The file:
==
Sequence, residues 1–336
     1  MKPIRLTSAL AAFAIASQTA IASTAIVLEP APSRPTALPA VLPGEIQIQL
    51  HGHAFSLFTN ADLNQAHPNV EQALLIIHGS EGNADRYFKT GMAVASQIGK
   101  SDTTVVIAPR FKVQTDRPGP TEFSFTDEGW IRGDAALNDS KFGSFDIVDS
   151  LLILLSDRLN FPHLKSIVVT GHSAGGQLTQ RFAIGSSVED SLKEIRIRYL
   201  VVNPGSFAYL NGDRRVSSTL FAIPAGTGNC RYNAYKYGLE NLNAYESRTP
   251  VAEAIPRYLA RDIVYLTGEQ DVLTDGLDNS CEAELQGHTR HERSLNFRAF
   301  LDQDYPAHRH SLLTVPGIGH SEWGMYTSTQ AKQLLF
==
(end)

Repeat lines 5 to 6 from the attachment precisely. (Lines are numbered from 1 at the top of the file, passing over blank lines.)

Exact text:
   151  LLILLSDRLN FPHLKSIVVT GHSAGGQLTQ RFAIGSSVED SLKEIRIRYL
   201  VVNPGSFAYL NGDRRVSSTL FAIPAGTGNC RYNAYKYGLE NLNAYESRTP